Brian earned his master's degree in African Studies from UCLA in 2011, where he focused on the religious and political visual cultures of Cameroon. While at UCLA, he served as a museum educator at the Fowler Museum in Los Angeles. He has also worked as a graphic designer and studio artist in his home state of Louisiana.

Christina Lan is a senior at Duke University studying Economics and Markets and Management. She's passionate about the arts, entrepreneurship, and social justice and aims to create a lifelong profession that encompasses all three. Especially for the arts, she's an avid supporter of using the arts as an educational medium and activist platform. During her time at Duke, she has been involved with Small Town Records, WHO Speaks, Bass Connections, and the Chronicle. She will be graduating in May and is excited for the roller coaster that comes post-graduation.

Jerry Blow, AIAP, is an Architectural Photographer based in Raleigh, North Carolina. His education has included a degree in Aerospace Engineering from the University of Virginia, a degree in photography from the Smithsonian Institution, and studies in architectural photography at Harvard's Graduate School of Design. His photographs have helped his design and construction clients win numerous awards. For over a decade, he worked as the photographer for the Ackland Art Museum at the University of North Carolina, Chapel Hill, where he photographed many sculptural pieces from around the world. Jerry is married with two sons.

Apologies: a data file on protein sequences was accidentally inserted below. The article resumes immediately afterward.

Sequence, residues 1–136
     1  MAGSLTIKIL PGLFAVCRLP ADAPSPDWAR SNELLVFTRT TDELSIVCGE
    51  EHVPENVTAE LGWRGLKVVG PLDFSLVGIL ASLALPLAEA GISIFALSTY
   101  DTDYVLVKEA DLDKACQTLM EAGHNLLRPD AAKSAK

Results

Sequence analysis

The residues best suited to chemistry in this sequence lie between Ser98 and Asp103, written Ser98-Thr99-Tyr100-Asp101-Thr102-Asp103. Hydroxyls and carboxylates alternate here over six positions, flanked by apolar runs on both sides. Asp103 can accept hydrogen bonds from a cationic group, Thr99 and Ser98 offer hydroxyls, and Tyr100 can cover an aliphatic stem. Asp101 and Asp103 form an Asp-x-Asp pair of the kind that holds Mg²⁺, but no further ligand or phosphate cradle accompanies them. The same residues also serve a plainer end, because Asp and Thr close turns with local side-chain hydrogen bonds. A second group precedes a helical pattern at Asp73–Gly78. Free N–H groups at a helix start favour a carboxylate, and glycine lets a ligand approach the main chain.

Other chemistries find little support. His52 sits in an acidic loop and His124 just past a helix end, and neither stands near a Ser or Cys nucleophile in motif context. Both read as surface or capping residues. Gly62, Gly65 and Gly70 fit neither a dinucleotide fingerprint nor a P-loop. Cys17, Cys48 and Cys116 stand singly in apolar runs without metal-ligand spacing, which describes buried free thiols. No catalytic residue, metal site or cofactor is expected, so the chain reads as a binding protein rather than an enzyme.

Bryce Lankard is a native of North Carolina, and a UNC-Chapel HiIl alumnus. He has been immersed in photography his entire adult life. In addition to being an editorial and fine art photographer he has also served in the roles of Art Director, Photo Editor, Educator, Curator and Principal Photographer, from New Orleans to New York City. In 1995 he was a co-founder of Tribe Magazine in New Orleans and served as Creative Director for the celebrated publication. He went on to work for 9 years in New York City, but in late 2006, following Hurricane Katrina, he returned to New Orleans and co-founded the non-profit New Orleans Photo Alliance. He forged the NOPA mission to create opportunities for the vibrant but neglected photography community in the Gulf South and to provide education and exposure to both the public and practitioners of the medium. Returning to North Carolina in early 2009 he has continued to share his knowledge by teaching and lecturing at venues such as UNC, the Gregg Museum, the Art Institute, the Light Factory, the ArtsCenter and Duke's Center for Documentary Studies.

Throughout all this he has continued to challenge himself creatively with new work, exploring the language of photography and has exhibited the results internationally to critical acclaim. His latest was a collaboration with the 5 photographer "Posse" at the SlowExposures festival that has chose southern literary icon, Flannery O'Connor and her themes, as a guiding light.. He is honored to have had his work appear alongside legends such as Robert Frank, Henri Cartier-Bresson, Cindy Sherman, Bruce Davidson, and Andres Serrano in galleries and publications in Spain, Germany, France and throughout America. HIs work was featured in the the Light Factory's "Romance of the Road" exhibition. Various projects have been highlighted in magazines such as Fraction, Square and Fine Art Photo and he has made three appearances in SXSE magazine.